The salsa I have often prepared as a ‘bed’ for these wonderful crab cakes from the Union Square Greenmarket has no formula. Usually dominated by tomatoes of some kind, it’s always a (varying) mélange of bits of herbs and spices, often including a bit of some kind of allium.
The crab and the salsa is always accompanied by a vegetable, which, depending upon what I have, can really brighten up a color palate which would already be doing some showing off.
In this case there was a lagniappe, one small heirloom tomato, originally intended to be part of the salsa (along with another of its own kind, a Striped German, and a few cherry tomatoes). Last night it was still a very light yellow, but it had been sitting at the window for days, just as long as its companion, from the same farm, so I just assumed it too would be ripe by now. Not paying attention, I started slicing it before I noticed that it was very firm, and that it had almost no taste. I decided a little heat might be just what it needed, and it was: I ended up with a luscious side dish of ‘fried yellow tomato’, and wished there had been more of its sort.
- two terrific crab cakes from PE & DD Seafood (the ingredients are crab, egg, flour, red & green peppers, garlic, salt, pepper, breadcrumbs, mayonnaise, milk, celery, and parsley), heated in a heavy copper pan, 3 to 4 minutes to each side, served with some dressed arugula from Hawthorne Valley Farm, which had been partially covered by a salsa composed of one Striped German heirloom tomato from Central Valley Farm and a few Maine ‘cocktail tomatoes’ from Whole Foods, all chopped, salt, freshly-ground black pepper, a bit of homemade French Basque piment d’Espellate, some dried Itria-Sirissi chili, peperoncino di Sardegna intero from Buon Italia, scissored garlic chives from Lani’s Farm, and, once plated, drizzled on top with the very small amount of juices left at the bottom of the bowl of salsa, the whole assemblage then sprinkled with micro basil from Two Guys from Woodbridge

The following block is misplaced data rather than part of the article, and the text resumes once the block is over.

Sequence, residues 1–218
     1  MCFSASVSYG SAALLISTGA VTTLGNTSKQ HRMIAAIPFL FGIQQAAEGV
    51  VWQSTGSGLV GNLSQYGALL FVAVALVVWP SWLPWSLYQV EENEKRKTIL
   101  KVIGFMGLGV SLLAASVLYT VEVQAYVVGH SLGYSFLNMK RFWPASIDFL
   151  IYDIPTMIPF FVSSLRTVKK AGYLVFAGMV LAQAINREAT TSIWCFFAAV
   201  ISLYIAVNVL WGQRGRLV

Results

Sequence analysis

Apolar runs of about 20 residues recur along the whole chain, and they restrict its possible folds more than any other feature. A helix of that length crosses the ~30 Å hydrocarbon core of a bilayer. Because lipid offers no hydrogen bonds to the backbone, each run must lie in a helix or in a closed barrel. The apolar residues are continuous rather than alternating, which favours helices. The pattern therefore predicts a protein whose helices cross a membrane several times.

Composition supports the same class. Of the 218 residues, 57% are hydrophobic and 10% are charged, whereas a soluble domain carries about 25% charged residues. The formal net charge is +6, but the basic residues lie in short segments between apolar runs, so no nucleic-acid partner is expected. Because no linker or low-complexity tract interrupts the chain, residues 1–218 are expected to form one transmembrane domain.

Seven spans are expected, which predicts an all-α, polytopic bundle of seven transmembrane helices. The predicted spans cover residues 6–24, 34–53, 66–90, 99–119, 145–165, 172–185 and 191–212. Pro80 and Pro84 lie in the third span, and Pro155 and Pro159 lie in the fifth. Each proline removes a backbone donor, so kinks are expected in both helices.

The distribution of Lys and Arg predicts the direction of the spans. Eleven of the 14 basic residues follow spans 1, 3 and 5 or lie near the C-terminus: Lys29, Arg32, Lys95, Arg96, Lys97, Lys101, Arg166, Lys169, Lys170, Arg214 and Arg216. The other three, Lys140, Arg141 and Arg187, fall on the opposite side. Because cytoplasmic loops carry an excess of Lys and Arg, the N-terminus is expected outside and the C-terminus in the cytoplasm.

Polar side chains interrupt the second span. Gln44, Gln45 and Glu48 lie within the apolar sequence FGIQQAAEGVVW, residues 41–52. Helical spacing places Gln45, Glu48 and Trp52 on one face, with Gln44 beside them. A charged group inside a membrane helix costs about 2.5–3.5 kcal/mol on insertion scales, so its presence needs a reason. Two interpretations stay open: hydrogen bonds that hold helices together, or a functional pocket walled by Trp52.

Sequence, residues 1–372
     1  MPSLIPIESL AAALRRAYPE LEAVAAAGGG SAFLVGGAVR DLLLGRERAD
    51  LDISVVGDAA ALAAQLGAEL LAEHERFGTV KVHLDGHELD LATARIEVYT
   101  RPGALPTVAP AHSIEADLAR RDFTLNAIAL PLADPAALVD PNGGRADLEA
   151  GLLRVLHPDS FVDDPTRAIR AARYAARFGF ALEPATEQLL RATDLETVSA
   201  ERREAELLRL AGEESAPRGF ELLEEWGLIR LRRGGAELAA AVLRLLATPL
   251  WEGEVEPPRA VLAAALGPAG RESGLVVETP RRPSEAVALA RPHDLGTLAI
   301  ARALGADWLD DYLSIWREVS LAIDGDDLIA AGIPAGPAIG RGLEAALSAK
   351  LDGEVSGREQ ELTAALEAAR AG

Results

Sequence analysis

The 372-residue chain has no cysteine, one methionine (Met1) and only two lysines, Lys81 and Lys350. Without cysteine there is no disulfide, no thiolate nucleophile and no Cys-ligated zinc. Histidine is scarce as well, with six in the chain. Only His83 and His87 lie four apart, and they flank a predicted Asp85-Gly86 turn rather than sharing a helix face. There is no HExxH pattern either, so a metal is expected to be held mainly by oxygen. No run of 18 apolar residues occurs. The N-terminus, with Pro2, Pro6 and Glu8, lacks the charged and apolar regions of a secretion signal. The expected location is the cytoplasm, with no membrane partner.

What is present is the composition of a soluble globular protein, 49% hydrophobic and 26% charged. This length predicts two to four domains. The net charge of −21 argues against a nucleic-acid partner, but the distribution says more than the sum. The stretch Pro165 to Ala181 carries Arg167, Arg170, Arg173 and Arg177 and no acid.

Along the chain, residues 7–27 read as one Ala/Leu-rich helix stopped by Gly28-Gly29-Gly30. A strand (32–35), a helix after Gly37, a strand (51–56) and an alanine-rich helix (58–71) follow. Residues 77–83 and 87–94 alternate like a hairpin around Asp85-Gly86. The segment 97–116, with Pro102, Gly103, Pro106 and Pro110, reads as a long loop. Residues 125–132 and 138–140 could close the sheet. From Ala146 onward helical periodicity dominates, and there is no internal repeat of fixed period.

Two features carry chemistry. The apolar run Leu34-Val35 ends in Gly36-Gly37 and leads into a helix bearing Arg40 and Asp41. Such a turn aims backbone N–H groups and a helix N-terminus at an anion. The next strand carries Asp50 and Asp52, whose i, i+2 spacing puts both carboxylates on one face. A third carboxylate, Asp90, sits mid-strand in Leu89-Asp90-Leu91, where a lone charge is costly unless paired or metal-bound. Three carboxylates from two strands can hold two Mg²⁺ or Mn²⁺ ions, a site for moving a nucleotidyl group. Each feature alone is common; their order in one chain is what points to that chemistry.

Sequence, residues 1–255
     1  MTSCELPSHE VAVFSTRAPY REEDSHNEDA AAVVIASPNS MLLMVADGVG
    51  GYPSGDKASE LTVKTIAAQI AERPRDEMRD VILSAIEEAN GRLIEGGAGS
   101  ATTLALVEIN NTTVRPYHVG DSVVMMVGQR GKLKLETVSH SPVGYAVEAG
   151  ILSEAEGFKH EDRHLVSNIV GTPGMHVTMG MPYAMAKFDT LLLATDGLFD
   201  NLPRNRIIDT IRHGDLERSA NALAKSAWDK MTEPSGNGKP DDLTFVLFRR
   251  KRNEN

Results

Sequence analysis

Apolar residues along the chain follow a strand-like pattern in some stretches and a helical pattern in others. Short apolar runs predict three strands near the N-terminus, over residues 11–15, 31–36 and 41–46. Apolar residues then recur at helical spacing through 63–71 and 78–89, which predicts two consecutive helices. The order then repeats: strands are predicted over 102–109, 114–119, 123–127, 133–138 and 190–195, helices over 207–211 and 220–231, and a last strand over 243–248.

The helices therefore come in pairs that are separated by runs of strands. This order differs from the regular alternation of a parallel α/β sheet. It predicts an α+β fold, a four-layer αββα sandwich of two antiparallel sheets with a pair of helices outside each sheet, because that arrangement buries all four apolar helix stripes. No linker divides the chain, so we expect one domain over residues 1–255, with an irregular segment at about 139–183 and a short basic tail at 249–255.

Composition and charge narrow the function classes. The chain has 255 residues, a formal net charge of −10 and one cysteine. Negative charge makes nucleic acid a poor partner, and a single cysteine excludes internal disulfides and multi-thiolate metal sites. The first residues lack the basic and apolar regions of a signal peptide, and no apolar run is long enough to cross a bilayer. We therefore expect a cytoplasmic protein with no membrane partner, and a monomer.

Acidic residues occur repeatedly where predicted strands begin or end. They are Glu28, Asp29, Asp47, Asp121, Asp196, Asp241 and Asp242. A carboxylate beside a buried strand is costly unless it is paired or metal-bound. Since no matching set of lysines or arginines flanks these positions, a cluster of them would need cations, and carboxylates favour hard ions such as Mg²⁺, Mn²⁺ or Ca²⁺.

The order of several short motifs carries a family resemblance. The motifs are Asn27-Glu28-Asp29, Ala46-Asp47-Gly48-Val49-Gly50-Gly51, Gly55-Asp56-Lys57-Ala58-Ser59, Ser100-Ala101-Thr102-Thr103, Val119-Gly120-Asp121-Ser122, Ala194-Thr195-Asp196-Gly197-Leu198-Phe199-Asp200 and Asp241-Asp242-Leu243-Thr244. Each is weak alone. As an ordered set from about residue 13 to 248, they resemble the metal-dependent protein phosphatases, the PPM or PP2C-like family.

- Maxibel Haricots Verts, from Norwich Meadows Farm, blanched, drained and dried, reheated in oil, finished with salt, pepper, and stemmed and chopped flowering chervil from Willow Wisp Farm
- one small unripe heirloom tomato from Central Valley Farm, cut into small pieces, sautéed in olive oil in a small copper pan until the edges were beginning to brown, seasoned with sea salt, freshly-ground Tellicherry pepper, and a pinch of Turbonado sugar, sprinkled with a small amount of several chopped fresh herbs that had been briefly hanging out in the refrigerator
- the wine was a California (Lodi) rosé, Karen Birmingham Rosé Lodi 2015
- the music was Antonio Vivaldi’s first (of 94) opera, the 1713 ‘Ottone In Villa’, performed by Giovanni Antonini, conducting Il Giardino Armonico